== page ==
Sleep Disturbances Interfere with the Ability to Control Emotions
There is a direct link between sleep deprivation and depression and anxiety. Although depression may lead to excessive sleep in some individuals, studies have shown that children who are deprived of sleep are also at increased risk of depression. Sleep deprivation also makes children and teens irritable and easily frustrated, with emotions that fluctuate up and down. Children who accumulate a sleep debt are more likely to have a negative self-image than those who are well rested.
Sleep Deprivation Leads to Poor Decision Making
When children don’t get enough sleep they often become impatient, which leads to poor decision making. Poor impulse control is also associated with lack of sleep, which often leads to acting out behaviors. Getting the proper amount of sleep goes a long way toward helping children learn to make good decisions during their waking hours.
Sleep Disturbances Lead to Sleepiness in School
There’s no doubt about it; sleepiness in school is a major problem for many children and teens alike. With the inability to focus, children are unable to perform optimally academically. It’s a fact that students who regularly get more sleep also earn higher grades than students who do not sleep well.
One study revealed that students who earn C’s, D’s, and F’s go to bed later than “A” students and get an average of 20 minutes less sleep. Sleepiness leads to learning difficulties, which may be a leading factor for poor performance in school for many children and teens.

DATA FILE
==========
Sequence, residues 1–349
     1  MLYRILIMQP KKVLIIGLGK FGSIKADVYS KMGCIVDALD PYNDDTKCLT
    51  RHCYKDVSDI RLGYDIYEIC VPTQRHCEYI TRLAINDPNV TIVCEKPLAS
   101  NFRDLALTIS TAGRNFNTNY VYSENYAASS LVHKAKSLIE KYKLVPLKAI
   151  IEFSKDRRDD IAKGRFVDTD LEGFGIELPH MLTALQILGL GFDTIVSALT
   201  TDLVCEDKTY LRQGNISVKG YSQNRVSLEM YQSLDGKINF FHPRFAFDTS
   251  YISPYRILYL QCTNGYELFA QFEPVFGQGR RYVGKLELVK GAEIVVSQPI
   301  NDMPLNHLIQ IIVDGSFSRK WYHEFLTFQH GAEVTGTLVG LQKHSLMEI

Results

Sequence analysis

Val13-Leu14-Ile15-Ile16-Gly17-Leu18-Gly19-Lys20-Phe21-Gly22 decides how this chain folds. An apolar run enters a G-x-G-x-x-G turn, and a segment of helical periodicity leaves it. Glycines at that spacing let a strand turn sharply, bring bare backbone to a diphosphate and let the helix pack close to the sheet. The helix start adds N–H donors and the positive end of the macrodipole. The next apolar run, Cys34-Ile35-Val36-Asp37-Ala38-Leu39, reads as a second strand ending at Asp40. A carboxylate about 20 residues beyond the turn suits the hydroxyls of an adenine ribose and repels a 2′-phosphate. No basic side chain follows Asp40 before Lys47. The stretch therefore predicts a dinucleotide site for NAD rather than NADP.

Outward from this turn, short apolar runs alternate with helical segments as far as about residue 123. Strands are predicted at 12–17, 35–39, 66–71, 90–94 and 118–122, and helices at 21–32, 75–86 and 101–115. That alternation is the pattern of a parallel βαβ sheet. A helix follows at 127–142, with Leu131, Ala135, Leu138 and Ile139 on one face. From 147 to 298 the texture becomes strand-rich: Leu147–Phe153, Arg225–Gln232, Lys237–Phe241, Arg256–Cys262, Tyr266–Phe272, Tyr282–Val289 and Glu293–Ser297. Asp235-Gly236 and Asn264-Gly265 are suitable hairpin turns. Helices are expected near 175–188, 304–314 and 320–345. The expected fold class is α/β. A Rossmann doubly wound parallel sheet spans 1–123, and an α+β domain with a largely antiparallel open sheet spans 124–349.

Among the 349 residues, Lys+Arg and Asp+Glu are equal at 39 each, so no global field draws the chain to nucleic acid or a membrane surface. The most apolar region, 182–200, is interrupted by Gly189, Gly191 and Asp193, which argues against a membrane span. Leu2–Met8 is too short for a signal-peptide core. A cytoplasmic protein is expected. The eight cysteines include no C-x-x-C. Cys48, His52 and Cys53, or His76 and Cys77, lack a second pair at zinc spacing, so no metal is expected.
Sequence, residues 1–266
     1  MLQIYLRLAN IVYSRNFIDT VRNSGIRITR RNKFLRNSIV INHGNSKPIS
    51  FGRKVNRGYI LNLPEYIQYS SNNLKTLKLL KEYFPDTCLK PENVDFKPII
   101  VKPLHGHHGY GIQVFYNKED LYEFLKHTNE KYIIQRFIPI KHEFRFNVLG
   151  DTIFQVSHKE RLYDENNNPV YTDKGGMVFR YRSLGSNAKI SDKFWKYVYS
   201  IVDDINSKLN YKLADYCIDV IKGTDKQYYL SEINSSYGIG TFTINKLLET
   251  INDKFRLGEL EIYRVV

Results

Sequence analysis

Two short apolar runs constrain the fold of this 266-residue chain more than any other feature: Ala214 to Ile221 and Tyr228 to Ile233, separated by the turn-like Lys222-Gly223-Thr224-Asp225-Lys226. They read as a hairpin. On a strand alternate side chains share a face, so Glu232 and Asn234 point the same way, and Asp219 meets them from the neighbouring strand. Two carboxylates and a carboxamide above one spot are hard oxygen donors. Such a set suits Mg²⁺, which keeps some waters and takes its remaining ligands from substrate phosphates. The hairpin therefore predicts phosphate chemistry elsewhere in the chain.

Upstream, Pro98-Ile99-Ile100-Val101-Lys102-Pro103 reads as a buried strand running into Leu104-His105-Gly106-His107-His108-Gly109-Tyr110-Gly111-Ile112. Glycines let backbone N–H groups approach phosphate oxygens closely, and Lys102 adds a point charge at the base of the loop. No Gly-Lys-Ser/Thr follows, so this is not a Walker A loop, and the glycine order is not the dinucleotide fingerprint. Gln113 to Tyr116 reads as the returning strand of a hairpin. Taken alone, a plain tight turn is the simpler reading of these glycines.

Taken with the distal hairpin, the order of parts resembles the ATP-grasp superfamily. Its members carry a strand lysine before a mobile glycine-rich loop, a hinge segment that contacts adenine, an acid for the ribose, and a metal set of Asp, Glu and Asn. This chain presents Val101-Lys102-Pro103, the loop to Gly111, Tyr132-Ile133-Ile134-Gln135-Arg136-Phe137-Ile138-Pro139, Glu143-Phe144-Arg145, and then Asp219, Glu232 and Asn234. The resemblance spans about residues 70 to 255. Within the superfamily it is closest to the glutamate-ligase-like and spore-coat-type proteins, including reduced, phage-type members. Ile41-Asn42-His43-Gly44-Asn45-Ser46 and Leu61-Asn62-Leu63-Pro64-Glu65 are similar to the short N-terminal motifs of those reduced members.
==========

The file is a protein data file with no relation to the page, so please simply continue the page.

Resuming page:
Sleep Deprivation That Occurs on a Regular Basis May Be Sleep Anxiety
Sleep anxiety is a problem for 40 million Americans alone, and many children suffer from it as well. Also known as insomnia, your child may suffer from sleep anxiety if he or she has trouble falling asleep, wakes up frequently during the night, wakes up too early, or is fatigued after what appears to be a “good night’s sleep.” If a child regularly has sleep difficulties, sleep anxiety may be an underlying factor. The question is whether child anxiety leads to sleep anxiety or whether sleep anxiety is a contributing factor to general feelings of anxiety.
Children with anxiety can do a number of things to help them sleep better at night:
While there are a number of medications available for children and teens that cannot get to sleep easily, it’s always best to find natural ways to help children relax and sleep through the night.
Establishing healthy sleep habits for children and teens is important for good physical and emotional health. For child anxiety suffers, however, getting enough sleep is crucial to good mental health as well. Therapy or anti-anxiety medications cannot undo the effects of a child with sleep deprivation. By adopting a healthy sleep routine, parents may see dramatic changes in the way their child deals with anxiety.